Color Blindness

A person with color blindness has trouble seeing red, green, blue, or mixes of these colors. It happens when you don’t have certain cone cells or they don’t work in the eye. Aging eye problems, injury to the eye and side effects from medicine can lead to this. It occurs when there is a problem with the color seeing materials (pigment) in certain nerve cells in the optic nerve or retina.

Mostly men are more likely to be color blind. The gene for this trait is located in the X – Chromosome. Women have two X – Chromosomes and men have one X and one Y chromosome. If a man inherits the gene, he will have a color vision defect. A woman must inherit the defective trait from both parents to have a color vision defect.

If you have color blindness, you will not know that you see certain colors differently until someone else tells you. Usually your teacher or parents will notice that at a young age you will be color the face of a person the wrong color. You only see a few shades of colors. In rare conditions you will only see black, white, and gray. You will have trouble with naming color on something. You also won’t be able to group thing by color. In severe cases, you will have side to side eye movements.

Daily Life:

Color blindness is usually diagnosed by simply tests. You may have to look at sets of colored dots and try to find a pattern, such as a letter of number. The patterns you see will help the doctor determine which colors you have trouble seeing. You will also have to arrange colored chips in order to how similar colors are to you. People with color blindness can’t arrange them correctly. Another test is looking at colored charts called Ishihara test plates.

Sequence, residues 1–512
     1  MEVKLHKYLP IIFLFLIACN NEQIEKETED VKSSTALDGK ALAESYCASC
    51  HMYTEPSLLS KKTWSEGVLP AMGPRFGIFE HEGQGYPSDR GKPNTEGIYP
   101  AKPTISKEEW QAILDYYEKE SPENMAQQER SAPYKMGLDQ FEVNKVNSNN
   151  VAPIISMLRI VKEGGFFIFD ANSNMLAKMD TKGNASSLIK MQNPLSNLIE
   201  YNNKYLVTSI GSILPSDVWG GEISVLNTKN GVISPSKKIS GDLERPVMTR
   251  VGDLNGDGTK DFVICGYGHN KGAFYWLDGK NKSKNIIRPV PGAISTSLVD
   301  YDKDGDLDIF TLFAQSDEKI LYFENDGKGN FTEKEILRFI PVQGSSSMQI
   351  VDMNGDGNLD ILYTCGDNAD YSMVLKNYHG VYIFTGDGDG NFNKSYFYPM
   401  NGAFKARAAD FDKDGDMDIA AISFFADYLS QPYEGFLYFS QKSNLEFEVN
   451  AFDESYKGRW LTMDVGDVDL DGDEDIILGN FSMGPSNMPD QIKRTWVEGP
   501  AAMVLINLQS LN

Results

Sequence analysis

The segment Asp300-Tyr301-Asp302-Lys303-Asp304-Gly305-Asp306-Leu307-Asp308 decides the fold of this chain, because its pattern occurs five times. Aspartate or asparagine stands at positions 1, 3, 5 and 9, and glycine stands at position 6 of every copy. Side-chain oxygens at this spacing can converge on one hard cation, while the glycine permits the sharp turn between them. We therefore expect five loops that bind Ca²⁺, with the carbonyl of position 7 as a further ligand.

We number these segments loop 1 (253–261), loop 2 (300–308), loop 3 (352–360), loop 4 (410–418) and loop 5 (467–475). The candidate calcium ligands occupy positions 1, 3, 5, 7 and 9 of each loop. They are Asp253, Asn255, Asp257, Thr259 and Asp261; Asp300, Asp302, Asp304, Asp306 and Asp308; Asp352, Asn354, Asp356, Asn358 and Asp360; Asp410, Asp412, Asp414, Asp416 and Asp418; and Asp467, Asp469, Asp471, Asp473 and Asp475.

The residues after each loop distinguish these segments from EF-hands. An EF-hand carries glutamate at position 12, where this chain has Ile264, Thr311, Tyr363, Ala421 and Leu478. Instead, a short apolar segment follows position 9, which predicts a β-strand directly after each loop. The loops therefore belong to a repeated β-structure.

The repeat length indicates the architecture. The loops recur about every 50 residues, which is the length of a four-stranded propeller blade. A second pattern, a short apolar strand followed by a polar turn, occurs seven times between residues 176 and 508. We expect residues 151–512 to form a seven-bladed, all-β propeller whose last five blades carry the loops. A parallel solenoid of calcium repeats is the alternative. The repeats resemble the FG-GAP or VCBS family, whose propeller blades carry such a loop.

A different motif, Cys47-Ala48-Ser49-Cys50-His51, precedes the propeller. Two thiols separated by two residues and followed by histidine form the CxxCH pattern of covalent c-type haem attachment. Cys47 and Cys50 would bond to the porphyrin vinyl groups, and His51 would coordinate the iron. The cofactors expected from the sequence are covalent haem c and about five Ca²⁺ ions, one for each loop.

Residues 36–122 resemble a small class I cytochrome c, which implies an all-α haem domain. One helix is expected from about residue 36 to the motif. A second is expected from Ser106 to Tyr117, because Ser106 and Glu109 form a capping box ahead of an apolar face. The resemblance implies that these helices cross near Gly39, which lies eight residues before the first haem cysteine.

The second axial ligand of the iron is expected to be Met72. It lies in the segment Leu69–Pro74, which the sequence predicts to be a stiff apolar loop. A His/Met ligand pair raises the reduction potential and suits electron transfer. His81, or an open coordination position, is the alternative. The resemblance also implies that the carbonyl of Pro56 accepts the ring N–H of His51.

Inherited color blindness cannot be treated. Acquired can be treated sometimes. Surgery to remove the cataract may restore normal vision. Wearing colored contact lenses will also help.
You can wear glasses that block any glare too.

Gene therapy may cure color blindness. There is no real way color blindness can be cured. Eye exams and prompt treatment of the eye might help prevent some cases of color blindness.

Additional Facts:
99% of people who are color blind aren’t really color blind, but color deficient. There are three main types of color blindness, Proton, Deuton, and Tritan. About 8% or 1 out of 12 men have color blindness. About 0.5% or 1 out of 200 women have color blindness. Color blindness usually occurs mostly in men and is very rare for women. You will live your full life if you have this color defect. If you are color blind then you may not be able to work with fashion, art, go into army, be an engineer, or a pilot.

Punnett Square:


Pedigree Chart: